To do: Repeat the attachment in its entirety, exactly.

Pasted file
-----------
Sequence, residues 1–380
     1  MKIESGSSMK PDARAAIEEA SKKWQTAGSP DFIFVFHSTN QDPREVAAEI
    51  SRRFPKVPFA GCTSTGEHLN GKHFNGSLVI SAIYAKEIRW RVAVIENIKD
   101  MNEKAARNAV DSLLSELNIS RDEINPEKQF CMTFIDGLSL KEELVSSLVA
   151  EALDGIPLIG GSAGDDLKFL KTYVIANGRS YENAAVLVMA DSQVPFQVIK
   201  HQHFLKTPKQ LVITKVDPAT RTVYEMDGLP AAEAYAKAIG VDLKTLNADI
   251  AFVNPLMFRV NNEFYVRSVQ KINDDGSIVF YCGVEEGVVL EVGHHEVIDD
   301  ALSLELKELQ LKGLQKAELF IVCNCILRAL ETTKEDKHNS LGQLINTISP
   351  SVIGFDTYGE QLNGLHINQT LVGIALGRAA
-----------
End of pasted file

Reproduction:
Sequence, residues 1–380
     1  MKIESGSSMK PDARAAIEEA SKKWQTAGSP DFIFVFHSTN QDPREVAAEI
    51  SRRFPKVPFA GCTSTGEHLN GKHFNGSLVI SAIYAKEIRW RVAVIENIKD
   101  MNEKAARNAV DSLLSELNIS RDEINPEKQF CMTFIDGLSL KEELVSSLVA
   151  EALDGIPLIG GSAGDDLKFL KTYVIANGRS YENAAVLVMA DSQVPFQVIK
   201  HQHFLKTPKQ LVITKVDPAT RTVYEMDGLP AAEAYAKAIG VDLKTLNADI
   251  AFVNPLMFRV NNEFYVRSVQ KINDDGSIVF YCGVEEGVVL EVGHHEVIDD
   301  ALSLELKELQ LKGLQKAELF IVCNCILRAL ETTKEDKHNS LGQLINTISP
   351  SVIGFDTYGE QLNGLHINQT LVGIALGRAA